Bridgetown, Barbados–Victims of sexual offences can expect improved management of their cases as a result of a new document – “Model Guidelines for Sexual Offence Cases in the Caribbean Region” It was launched by the Judicial Reform and Institutional Strengthening (JURIST) Project funded by the Government of Canada.

The guidelines are intended to provide internationally accepted best practices for the management of sexual offence cases, and offer a rights-based approach to the treatment of complainants and vulnerable witnesses including children, involved in sexual assault cases.

Speaking at the launch at Marriott Courtyard Hotel, The Hon. Sir Marston Gibson, Chief Justice of Barbados, welcomed the initiative and admitted that the length of time sexual offence cases take are indeed too long. “And if you try to find where the fault lies, the fault doesn’t lie with any particular branch or group, but yet the cases seem to take long,” he said..

“For example, a child of 12, who is the victim of a sexual offence… by the time we get through what used to be the preliminary inquiry and the investigation and get what is needed ready for trial, this child who was 12 has moved on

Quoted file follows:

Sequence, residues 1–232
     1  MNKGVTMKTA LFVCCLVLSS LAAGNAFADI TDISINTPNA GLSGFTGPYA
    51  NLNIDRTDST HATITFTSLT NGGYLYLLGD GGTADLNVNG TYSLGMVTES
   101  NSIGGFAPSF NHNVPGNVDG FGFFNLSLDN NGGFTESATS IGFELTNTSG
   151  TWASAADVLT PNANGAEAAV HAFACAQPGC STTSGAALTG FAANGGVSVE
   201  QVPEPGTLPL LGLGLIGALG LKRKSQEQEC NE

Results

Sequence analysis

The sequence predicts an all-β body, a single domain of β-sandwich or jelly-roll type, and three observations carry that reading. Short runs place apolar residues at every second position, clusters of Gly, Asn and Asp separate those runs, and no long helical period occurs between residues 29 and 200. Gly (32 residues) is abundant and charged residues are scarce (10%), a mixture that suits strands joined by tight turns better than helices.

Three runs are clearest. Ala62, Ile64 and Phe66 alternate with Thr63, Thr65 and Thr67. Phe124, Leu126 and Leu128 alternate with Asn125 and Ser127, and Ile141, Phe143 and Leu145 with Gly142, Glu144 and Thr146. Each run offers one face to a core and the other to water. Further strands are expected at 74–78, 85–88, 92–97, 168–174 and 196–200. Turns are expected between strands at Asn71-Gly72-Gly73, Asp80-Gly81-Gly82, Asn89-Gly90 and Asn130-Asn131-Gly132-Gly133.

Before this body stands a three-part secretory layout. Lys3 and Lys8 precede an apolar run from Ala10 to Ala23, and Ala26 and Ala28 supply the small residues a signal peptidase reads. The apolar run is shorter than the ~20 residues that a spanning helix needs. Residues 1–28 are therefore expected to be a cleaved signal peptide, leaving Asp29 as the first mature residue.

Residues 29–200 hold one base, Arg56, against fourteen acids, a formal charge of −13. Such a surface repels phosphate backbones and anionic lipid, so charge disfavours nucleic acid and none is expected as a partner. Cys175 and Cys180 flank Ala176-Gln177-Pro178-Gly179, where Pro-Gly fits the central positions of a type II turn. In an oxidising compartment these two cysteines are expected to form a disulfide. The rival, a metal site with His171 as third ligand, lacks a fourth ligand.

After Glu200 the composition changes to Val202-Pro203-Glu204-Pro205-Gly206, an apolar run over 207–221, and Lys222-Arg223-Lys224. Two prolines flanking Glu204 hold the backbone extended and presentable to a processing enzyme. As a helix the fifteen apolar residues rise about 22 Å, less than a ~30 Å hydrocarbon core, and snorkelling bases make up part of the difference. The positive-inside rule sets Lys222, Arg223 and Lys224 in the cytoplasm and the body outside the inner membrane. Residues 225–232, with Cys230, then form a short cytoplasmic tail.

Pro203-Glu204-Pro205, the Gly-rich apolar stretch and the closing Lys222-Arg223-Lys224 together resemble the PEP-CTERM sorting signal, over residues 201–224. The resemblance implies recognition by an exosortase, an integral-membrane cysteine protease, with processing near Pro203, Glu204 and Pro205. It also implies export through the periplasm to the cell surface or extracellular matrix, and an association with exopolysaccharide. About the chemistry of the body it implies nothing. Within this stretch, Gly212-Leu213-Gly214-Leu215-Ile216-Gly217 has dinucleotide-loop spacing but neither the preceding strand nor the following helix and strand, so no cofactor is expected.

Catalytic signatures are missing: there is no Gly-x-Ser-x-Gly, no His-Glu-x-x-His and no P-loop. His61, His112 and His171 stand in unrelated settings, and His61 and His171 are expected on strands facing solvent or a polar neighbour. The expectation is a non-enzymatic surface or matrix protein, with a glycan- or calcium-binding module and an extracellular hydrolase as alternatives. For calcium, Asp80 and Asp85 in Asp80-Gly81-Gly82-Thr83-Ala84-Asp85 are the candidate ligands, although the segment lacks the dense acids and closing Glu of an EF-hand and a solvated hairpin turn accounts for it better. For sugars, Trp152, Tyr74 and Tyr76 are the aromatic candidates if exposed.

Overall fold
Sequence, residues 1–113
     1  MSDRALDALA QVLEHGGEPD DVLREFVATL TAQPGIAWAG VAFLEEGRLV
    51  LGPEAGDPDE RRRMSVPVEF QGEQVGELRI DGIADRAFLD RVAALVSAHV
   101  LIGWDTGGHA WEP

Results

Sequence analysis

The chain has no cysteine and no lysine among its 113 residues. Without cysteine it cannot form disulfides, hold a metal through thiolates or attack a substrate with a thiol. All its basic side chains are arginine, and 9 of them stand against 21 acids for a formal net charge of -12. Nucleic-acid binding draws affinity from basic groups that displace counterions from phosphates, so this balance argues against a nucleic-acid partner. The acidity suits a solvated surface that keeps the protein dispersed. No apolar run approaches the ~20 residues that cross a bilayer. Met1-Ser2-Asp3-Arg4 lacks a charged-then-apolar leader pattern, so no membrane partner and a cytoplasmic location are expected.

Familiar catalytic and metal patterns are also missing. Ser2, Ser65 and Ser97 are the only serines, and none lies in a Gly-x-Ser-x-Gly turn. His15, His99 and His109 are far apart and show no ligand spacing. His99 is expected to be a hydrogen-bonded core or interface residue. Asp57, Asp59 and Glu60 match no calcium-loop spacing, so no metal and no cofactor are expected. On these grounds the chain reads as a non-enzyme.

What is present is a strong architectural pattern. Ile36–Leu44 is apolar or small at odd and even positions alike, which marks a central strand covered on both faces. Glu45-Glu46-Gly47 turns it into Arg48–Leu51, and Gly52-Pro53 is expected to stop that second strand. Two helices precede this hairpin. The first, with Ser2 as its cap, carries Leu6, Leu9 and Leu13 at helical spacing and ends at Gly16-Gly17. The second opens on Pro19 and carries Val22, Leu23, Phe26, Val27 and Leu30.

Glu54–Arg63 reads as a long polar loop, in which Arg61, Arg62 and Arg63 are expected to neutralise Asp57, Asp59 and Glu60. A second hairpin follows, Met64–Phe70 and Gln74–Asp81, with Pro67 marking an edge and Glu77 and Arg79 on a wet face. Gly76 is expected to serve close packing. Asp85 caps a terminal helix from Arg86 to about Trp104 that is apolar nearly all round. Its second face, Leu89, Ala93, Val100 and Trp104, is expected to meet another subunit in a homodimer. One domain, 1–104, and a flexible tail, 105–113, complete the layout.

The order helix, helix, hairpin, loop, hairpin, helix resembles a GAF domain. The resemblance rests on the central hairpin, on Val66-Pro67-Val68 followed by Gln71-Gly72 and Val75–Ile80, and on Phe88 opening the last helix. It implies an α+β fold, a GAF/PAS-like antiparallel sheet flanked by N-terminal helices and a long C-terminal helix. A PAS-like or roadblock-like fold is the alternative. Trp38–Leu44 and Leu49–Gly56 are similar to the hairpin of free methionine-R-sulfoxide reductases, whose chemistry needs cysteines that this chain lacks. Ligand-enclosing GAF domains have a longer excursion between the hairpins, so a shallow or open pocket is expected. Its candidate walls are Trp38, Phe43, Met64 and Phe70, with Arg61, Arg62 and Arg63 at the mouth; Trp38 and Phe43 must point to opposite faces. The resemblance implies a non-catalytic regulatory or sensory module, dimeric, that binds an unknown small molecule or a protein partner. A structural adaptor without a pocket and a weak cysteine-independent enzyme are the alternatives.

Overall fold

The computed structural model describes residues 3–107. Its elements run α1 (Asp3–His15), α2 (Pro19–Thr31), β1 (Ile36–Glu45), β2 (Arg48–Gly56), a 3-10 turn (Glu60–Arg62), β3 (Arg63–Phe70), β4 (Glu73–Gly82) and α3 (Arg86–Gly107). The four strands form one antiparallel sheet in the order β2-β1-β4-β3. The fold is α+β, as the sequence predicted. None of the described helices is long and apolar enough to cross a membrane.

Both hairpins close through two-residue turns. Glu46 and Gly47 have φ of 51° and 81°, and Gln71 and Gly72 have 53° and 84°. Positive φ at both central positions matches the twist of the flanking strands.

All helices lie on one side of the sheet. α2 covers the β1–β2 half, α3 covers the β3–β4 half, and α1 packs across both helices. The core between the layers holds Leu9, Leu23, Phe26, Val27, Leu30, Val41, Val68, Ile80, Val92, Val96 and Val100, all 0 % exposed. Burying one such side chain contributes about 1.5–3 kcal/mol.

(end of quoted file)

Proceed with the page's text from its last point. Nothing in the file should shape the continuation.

“She has managed to finish school, now in University and she gets a call from the DPP’s office stating the matter is now on for trail. Now she has to relive the trauma. And what are discovering is that a lot of those victims say no; they say that they will not put themselves through that again and will not get on a witness stand to be asked all the very intimate and sometimes embarrassing questions that can be asked.

“So, what ends up happening is that this victim loses her rights and what I am grateful for in the launch of these Model Guidelines is that they are rights-based,” Sir Marston stressed.

Barbados is the first country to launch the Guidelines, which will be adopted by all countries in the region and its implementation will result in speedy adjudication of cases and reduction of case backlogs over time; improved responses to survivors; a trained and skilled cadre of cross-sectional professionals; and increased public confidence in the justice system as it relates to the handling of sexual assault cases.

The Hon. Mme. Justice Maureen Rajnauth-Lee, Judge at the Caribbean Court of Justice (CCJ) pointed out that the problems faced by the justice system in its management of sexual offences and the treatment of complainants are multifaceted and therefore required a multi-sectoral solution. She shared that it is for this reason the Sexual Offences Advisory Committee was established to provide advice and support to the JURIST Project in the development of the guidelines.

“The document is a result of the direct contribution and input over 200 persons and over 15 months of intensive work. It is robust, comprehensive and most applicable to current realities in respect of the adjudication of sexual offense cases in the Caribbean,” Justice Rajnauth-Lee said. (TL)